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A Warm Welcome In The Russian Far North

Though it’s been open to foreigners for a while, getting travel information on Russia’s Arctic Kola Peninsula remains a little tricky.

Bureaucrats walk an unfamiliar line. Trained by Soviets, they’re unwilling to divulge information, but a desperation for foreign visitors and their cash requires openness. The results are often amusing.

“Camping,” booms Vladimir Loginov, chairman of the Murmansk Regional Sports Committee, “is legal anywhere on the Kola Peninsula. Except in the places in which it is not.”

The Kola Peninsula is an enormous knob of tundra, forest and low mountains between the White and Barents seas. It is one of the most ruggedly beautiful, unspoiled and desolate areas on the planet – an adventurer’s destination that’s accessible to everyone.

Travel to St. Petersburg and Moscow has become commonplace, but the Russian wilderness, the stuff out of Dr. Zhivago, remains mysterious and alluring. Such is the attraction of the Kola Peninsula with its herds of wild reindeer, dramatic mountain formations and fishing villages.

Its first tourists were Lapp herders, but the discovery of a northern sea route in the 16th century turned the tiny settlement of Kola into an arctic trading post.

Thanks to an eddy from the Gulf Stream, the Kola Inlet from the Barents is ice-free year-round, making it the ideal site for the port of Murmansk, and now, at nearby Severomorsk, for the Russian Northern Fleet’s home base.

I arrived in Murmansk with feelings of both elation and dread: elation that I would be among the first post-Soviet Western travel writers to explore the peninsula and some of its tiny towns, and dread because, though the temperature had dipped below freezing (this was in August), the famous arctic mosquitoes were huge and dive-bombing.

Location, Location
Perhaps the most novel thing about Murmansk is its location – halfway between Moscow and the North Pole, and 125 miles north of the Arctic Circle. Because of the Gulf Stream, temperatures are more moderate than you’d think, ranging from 8 to 17 degrees in January; 46 to 57 degrees in July.

Despite the isolation, Murmansk and many other cities in the region are remarkably bustling and modern. Because of its military importance, Murmansk was always a privileged city in terms of supplies and consumer goods. But today the entire area is swimming in Western-made foods and goods.

Murmansk’s suburbs tower above the city. No suburban sprawl here. Instead, large, colorful and clean apartment buildings are built on the mountainsides. The city center, where Prospekt (Avenue) Lenina meets with Five Corners (Pyat Ugla), teems with bundled shoppers. Stores have names like Northern Lights, 69th Parallel, Penguin and Polar Star.

The winter cold isn’t as bad as the darkness – “polar night” means non-stop dusk through December and most of January, though locals say they feel the impending gloom by the end of October. Outside the city there is just tundra; little wonder that the population turnover is 20 percent a year. People leave because of the darkness and cold, and new ones arrive seeking the higher wages that those conditions bring.

Sightseeing
What’s a tourist to do in Murmansk” See the harbor, St. Nicholas Church (Svyato-Nikolskaya Tserkov, named for the patron saint of sailors) and the new Fine Arts Museum and go for a swim in the municipal pool.

The best harbor tour, weather and sea permitting, is on the Kola Inlet. You’ll go south toward Kola (you won’t see the Northern Fleet but you will see the city). Mostly you see shipyards and tundra. Go to the Passenger Ferry Terminal and hop a ferry to Mishukovo. Ferries leave six times daily, and the 30-minute journey is about 75 cents each way.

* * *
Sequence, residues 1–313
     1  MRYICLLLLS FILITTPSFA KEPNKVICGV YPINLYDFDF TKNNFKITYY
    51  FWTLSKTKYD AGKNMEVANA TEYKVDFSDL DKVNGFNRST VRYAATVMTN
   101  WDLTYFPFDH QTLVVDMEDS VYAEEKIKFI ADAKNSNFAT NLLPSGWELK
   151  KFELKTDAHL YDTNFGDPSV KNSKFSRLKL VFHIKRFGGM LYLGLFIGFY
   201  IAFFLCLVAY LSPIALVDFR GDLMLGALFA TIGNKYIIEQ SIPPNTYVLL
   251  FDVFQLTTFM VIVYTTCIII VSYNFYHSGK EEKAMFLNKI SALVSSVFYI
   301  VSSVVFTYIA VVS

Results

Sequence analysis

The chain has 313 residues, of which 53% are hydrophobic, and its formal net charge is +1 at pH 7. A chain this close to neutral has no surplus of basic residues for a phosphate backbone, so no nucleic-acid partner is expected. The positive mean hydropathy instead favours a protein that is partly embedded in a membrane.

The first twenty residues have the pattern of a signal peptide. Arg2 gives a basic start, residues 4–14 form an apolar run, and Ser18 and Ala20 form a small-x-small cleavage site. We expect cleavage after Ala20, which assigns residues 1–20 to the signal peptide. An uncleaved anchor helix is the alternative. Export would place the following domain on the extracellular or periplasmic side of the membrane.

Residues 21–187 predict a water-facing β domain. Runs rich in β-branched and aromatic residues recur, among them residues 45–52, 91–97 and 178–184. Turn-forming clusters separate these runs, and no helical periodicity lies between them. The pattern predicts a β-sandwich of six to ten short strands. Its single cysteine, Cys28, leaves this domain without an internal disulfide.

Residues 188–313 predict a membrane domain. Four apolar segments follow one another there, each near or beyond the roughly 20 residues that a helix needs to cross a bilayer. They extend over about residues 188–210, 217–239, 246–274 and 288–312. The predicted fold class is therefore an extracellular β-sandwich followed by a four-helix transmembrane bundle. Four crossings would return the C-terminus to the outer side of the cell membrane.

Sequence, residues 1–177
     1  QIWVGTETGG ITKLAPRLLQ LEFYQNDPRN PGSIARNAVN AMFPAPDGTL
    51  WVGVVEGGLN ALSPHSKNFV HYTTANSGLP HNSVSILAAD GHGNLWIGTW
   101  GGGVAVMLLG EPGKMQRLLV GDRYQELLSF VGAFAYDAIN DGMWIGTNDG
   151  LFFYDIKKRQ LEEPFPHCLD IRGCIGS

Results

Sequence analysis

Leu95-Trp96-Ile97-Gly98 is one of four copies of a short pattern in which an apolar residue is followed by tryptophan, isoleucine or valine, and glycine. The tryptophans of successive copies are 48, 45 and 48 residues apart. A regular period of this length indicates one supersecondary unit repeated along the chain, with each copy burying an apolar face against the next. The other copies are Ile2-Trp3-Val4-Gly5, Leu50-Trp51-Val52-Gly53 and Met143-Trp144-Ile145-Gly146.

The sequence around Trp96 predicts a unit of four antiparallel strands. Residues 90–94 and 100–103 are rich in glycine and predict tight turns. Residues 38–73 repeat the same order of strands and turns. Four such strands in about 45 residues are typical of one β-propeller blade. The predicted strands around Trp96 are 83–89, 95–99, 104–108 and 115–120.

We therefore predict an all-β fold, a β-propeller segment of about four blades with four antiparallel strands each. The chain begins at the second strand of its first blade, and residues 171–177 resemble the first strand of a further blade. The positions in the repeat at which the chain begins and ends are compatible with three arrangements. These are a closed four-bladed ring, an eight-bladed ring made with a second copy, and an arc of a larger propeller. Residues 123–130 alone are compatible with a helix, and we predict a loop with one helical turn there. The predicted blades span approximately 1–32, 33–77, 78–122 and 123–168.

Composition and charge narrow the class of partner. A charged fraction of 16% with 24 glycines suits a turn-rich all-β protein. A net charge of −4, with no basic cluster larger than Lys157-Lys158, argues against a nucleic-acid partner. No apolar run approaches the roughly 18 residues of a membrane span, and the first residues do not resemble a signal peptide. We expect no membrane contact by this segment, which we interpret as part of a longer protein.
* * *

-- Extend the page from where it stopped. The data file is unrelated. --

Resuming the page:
St. Nicholas Church would be impressive enough, even if it didn’t have such a colorful history. In 1984, the congregation from the little wooden church that was on the site decided to build a cathedral, and began doing so in secret. It’s hard to hide a cathedral, and when the government found out about it in 1985, miners were sent in with orders to blow it up. This raised a holy stink, and demonstrators sat around the site, blocking the miners; simultaneous protests were held in front of the Moscow city executive committee.

The government capitulated to some extent, letting the part of the church that had been built stand but forbidding any further work on it. After perestroika greased the country’s religious wheels, construction resumed in 1987 and continued over the next five summers.

Today St. Nicholas Church is the Kola Peninsula’s religious administrative center. To get there from the railway station, take trolleybus No. 4 for four stops, walk past the pond and up the stairs, then along a dirt trail to the main road. The cathedral is on the right. Services are held Monday, Saturday and Sunday at 8 a.m. and 6 p.m.

The new Fine Arts Museum at ulitsa Kominterna 13 finally got a permanent collection two years ago. The small but interesting collection includes graphic arts, paintings, decorative applied arts and bone carvings, all on an “image-of-the-north” theme. Admission is about 50 cents for foreigners, 25 cents for Russians and students. Hours are 11 a.m. to 6 p.m. Closed Monday.

It’s hit or miss, but in the summer there’s a chance to see one of the Murmansk Shipping Co.’s four atomic-powered ice-breakers at the dock (they’re enormous and very orange).

Photography, except in the port itself, is legal now, and you can photograph anything you see from the railway and passenger sea terminals or on board the ferries.

Murmansk’s municipal swimming pool, at Ulitsa Chelyuskintsev behind the central stadium, is just amazing: 50 meters (55 yards) long, with three-, five-, seven- and 10-meter diving boards. There are two kiddie pools downstairs plus a banya or two (steam baths, see accompanying story). It’s open June to October from 7 a.m. to 10 p.m. Admission is about $1.